Minnesota Department of Natural Resources protects resource values - Managing invasive plants is a challenge under the best circumstances, but when coupled with high recreational use, miles of trails and diverse ecosystems, it becomes even more complex.
Chris Weir-Koetter, Strategic Program Manager for the Minnesota Department of Natural Resources (MNDNR) Northwest Region Parks and Trails credits careful planning, persistence, and integrating the most effective and selective methods for her success in managing spotted knapweed (Centaurea stoebe).
“Our agency is charged with conserving and managing Minnesota’s natural resources,” Weir-Koetter explains. “We have very diverse vegetation in Minnesota with four of North America’s biomes converging in the Northwest Region.” The Region encompasses 16 state parks, recreation areas and wayside areas containing over 70,000 acres. There are 200 miles of state trails and 700 miles of state water trails along with hundreds of public water access points. Ecological diversity combined with invasion pathways and recreational use means plenty of suitable habitat for a variety of nonnative plants.
Spotted knapweed is among the top ten invasive plants prioritized for management by the Northwest MNDNR. First observed in the Northwest Region in Clearwater County in 1997, the weed spread rapidly along road corridors, trails, and in sand and gravel materials used in construction and maintenance activities. Currently all counties within the Northwest Region are infested with spotted knapweed including ten state parks.
The management strategy for spotted knapweed on state parks and trails lands followed a simple plan according to Weir-Koetter. “First we needed to become knowledgeable about the weed, its impacts, prevention and control. We then developed a map and plan of attack working from pioneering weeds to centers of infestations. Lands with high resource values were prioritized for management. We also targeted entry points and travel routes to prevent spread to non-infested sites. And finally we used the most effective and selective combination of prevention and containment techniques for controlling spotted knapweed.”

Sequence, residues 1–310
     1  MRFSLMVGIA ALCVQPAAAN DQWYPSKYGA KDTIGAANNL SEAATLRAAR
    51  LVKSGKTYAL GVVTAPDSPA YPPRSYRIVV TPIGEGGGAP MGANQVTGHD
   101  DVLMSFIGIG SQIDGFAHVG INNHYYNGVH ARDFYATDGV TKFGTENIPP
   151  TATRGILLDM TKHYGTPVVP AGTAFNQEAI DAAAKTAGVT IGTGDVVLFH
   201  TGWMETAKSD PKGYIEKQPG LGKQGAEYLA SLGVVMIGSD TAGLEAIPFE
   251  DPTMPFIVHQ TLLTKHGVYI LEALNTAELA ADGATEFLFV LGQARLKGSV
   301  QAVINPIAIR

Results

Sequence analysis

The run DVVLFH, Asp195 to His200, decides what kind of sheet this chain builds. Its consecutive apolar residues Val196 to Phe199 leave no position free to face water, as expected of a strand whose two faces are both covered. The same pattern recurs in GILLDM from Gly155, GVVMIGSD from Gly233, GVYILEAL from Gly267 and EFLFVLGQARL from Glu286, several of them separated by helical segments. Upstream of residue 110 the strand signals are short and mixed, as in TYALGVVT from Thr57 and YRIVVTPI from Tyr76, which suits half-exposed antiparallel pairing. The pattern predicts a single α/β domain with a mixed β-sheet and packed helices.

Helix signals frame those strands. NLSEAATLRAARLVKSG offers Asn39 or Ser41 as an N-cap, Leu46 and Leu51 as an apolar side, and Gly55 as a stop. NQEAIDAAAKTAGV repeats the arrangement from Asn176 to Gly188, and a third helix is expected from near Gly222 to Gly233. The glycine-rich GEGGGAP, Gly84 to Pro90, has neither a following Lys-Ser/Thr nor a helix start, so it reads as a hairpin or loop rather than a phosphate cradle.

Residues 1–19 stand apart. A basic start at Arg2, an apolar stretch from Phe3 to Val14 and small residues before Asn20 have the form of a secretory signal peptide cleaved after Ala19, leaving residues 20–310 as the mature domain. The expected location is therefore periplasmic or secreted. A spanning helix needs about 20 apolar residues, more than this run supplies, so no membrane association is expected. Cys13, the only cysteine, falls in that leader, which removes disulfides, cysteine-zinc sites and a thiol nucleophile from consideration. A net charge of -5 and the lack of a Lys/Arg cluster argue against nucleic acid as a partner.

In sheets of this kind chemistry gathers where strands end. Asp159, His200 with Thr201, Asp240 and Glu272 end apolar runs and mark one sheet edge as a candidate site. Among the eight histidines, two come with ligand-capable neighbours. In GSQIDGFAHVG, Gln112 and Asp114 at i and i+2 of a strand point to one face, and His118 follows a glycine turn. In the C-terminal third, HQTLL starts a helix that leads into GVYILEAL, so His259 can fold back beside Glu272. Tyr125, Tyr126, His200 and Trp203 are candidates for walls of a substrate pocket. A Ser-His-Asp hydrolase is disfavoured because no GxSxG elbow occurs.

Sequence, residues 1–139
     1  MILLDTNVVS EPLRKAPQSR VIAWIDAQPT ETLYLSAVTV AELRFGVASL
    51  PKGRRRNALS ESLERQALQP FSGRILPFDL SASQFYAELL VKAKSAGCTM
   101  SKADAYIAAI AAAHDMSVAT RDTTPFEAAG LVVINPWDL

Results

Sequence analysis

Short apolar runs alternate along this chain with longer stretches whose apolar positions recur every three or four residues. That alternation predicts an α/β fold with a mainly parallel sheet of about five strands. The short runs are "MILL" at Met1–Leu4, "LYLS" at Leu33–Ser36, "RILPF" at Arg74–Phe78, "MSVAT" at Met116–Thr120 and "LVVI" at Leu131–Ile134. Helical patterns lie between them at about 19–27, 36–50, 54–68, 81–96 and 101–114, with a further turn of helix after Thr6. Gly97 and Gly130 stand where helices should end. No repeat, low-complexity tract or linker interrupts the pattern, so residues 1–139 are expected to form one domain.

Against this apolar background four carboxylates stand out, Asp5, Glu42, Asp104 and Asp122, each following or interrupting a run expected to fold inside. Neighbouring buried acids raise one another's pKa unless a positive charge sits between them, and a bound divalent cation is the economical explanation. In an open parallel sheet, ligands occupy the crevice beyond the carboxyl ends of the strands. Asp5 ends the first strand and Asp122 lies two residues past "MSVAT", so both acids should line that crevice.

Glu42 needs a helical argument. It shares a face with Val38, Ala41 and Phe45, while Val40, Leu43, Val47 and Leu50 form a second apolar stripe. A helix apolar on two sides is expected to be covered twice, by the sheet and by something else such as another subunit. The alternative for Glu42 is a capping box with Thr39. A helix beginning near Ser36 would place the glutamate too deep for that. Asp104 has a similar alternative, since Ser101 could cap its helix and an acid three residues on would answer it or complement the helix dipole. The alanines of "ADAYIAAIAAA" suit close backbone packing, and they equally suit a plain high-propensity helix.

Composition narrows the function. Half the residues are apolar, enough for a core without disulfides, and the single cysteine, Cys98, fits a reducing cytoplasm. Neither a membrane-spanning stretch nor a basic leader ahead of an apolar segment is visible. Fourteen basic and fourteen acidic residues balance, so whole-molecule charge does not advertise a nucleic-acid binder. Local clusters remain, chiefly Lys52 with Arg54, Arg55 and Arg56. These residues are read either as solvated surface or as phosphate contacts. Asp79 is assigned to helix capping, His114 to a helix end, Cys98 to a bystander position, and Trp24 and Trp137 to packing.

An integrated program to contain and control spotted knapweed was implemented in 1998. Methods included a combination of selective herbicides, mowing, biological control, hand pulling, and grazing. Different management strategies were customized for individual state parks based on the size and location of weed infestations, operating budgets, and environmental constraints. A resource field crew trained for invasive plant management conducts most of the control efforts with support from parks and trails staff. Treated sites are monitored periodically to determine effectiveness of various management methods, and to locate and treat new infestations.
Selective herbicide treatments included dicamba applied at 32 fluid ounces per acre (fl oz/A), Milestone® at 5 to 7 fl oz/A, and Transline® at 10 to 16 fl oz/A. Herbicides were applied to spotted knapweed at the rosette to early bolt growth stage to remove plants and stop seed production. The higher herbicide rates were applied at later growth stages. Results of the herbicide treatments evaluated a year following application showed that dicamba gave less than 50% spotted knapweed control compared to Transline and Milestone with greater than 90% control. “Based on these results we adapted our program to use the most effective herbicide treatments,” explained Weir-Koetter.
On sites where common tansy (Tanacetum vulgare) and spotted knapweed are growing together, Opensight® at 2 to 3.3 ounces of product per acre is providing good control of both species. The combination of both herbicides on one granule makes it easier for applicators to mix spray solutions and broadens the weed control spectrum.